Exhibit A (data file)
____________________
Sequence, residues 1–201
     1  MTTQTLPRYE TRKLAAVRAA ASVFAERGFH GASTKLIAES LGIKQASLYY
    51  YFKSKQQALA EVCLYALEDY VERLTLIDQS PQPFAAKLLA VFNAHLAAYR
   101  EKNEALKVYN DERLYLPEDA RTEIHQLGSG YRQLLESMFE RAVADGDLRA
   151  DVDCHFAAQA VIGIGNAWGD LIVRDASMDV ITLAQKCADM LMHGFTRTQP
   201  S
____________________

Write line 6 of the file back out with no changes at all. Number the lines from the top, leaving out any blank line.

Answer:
   201  S